If you like old film cameras, check out all of my reviews here!
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32 thoughts on “Zeiss Ikon Contessa LK

  1. Nice write-up of that camera. You can’t beat the Tessar for quality results, even though the design is over a century old now. I’ve followed the $50 rule in amassing my rather large collection, and for most I’ve paid only half that.

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    • One of my favorite aspects of collecting cameras as a hobby is how it doesn’t cost me arms and legs to do it. I came to this as a child — I bought my first old camera for a quarter when I was about 8 — simply because all the works inside that simple Brownie Starmite II fascinated me. That’s still what drives me, and through this I’ve come to learn a few things about taking good photos and am now enjoying that process too.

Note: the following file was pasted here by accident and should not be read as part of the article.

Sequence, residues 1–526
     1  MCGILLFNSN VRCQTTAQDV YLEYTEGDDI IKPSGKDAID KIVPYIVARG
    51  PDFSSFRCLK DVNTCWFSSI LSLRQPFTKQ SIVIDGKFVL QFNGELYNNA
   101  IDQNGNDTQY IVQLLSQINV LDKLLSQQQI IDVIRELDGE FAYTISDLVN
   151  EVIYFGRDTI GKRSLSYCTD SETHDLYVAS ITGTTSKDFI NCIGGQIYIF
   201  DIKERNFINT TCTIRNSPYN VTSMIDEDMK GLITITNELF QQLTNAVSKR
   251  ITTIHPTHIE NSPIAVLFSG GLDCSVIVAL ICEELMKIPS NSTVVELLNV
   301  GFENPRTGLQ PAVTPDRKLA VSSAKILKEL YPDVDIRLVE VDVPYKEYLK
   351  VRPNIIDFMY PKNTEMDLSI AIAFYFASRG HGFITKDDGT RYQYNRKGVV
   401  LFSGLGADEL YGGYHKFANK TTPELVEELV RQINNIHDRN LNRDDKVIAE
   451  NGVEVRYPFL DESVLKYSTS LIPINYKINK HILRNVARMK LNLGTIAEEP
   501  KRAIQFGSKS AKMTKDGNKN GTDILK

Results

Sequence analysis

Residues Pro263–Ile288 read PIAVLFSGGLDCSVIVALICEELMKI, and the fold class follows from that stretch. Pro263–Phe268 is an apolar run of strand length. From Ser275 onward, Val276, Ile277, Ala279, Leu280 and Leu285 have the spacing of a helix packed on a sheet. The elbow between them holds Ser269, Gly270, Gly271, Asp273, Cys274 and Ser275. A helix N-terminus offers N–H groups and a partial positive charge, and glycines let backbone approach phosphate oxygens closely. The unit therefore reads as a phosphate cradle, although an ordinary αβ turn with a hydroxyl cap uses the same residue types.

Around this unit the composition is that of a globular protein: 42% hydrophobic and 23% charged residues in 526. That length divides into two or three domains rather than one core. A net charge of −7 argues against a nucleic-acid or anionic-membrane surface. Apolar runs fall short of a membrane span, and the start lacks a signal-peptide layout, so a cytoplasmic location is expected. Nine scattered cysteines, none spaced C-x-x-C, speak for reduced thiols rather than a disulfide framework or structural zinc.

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  2. ryoko861 says:

    Wow, hard to tell the difference between the Contessa and a regular digital. I think the Contessa has a better picture! Love that shot of the trestle!

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  3. Again, I prefer the old film camera to the digital. I’m sensing a trend here in my opinions. Nice shots. You are tempting me into a new hobby and this is not the first time. Stop being so interesting! :-)

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    • Well, try to remember that cameras take up space and have to be lugged along on every move! For a guy who travels light, perhaps gardening is a better hobby!